General Motors Co. announced plans to shut down three North American full-size pickup truck assembly plants as of August 9 because of the ongoing global semiconductor chip shortage.
The company will idle plants in Flint, Michigan; Fort Wayne, Indiana; and Silao, Mexico, just one week after the plants resumed production after an earlier shutdown related to the shortage.
“The global semiconductor shortage remains complex and very fluid,” GM said in a statement. “The recent scheduling adjustments have been driven by temporary parts shortages caused by semiconductor supply constraints from international markets experiencing COVID-19-related restrictions.”
The GM statement noted that the period will provide the company with an “opportunity to complete unfinished vehicles at the impacted assembly plants and ship those units to dealers.”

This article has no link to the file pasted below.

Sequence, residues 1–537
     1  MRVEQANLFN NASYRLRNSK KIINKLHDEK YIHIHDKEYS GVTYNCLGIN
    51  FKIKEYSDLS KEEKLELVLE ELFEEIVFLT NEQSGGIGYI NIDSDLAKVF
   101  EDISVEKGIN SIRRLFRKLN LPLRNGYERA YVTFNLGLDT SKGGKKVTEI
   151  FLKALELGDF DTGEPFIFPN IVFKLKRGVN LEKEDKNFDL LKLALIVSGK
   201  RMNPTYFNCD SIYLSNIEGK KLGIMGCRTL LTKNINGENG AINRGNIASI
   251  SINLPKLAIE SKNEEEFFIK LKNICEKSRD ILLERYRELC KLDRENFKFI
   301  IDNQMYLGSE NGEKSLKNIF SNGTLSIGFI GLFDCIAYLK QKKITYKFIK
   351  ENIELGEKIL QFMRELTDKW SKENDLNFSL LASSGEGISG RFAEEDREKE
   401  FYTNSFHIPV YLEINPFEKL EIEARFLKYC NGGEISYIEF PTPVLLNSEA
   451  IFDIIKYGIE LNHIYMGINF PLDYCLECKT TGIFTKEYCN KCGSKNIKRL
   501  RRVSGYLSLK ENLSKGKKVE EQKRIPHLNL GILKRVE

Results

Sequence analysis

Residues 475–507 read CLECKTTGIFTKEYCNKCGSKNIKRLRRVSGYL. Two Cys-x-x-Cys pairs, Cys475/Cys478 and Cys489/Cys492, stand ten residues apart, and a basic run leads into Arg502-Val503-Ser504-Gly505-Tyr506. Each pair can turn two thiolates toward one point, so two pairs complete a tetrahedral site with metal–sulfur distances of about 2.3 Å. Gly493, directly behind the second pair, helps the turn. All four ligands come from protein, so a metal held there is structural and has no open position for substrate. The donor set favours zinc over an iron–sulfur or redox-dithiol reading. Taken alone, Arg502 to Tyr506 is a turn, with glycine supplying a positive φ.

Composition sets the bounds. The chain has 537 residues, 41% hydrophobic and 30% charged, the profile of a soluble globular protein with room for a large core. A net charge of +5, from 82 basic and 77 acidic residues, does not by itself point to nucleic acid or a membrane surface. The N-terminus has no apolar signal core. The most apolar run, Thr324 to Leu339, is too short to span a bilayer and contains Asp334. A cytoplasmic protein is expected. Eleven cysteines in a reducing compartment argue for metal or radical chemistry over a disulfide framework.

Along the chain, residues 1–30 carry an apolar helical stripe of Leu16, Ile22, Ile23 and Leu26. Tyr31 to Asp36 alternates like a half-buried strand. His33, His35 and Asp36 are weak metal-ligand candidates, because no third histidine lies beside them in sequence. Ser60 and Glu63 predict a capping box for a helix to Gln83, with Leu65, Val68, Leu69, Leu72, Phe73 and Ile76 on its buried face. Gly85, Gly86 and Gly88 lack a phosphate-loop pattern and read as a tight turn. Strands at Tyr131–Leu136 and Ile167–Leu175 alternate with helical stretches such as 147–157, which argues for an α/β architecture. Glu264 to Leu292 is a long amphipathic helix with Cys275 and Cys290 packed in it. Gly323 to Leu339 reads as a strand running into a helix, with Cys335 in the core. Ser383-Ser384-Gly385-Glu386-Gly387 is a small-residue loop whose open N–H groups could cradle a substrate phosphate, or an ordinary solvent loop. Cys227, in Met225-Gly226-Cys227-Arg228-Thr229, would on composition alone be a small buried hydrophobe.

The U.S. automaker reported plants in Spring Hill, Tennessee, and Ramos Arizpe, Mexico, will resume production August 9 after being idled since July 19.
GM's Lansing Delta Township plant in Detroit, Michigan, will extend its downtime next week. The company has idled this plant since July 19.
The automaker also extended downtime at its San Luis Potosi, Mexico, and Ingersoll, Canada, plants through the weeks of Aug. 23 and Aug. 30. GM has scheduled those plants to resume production on Aug. 23. Both have been down since July 19.
Originally posted on Auto Dealer Today
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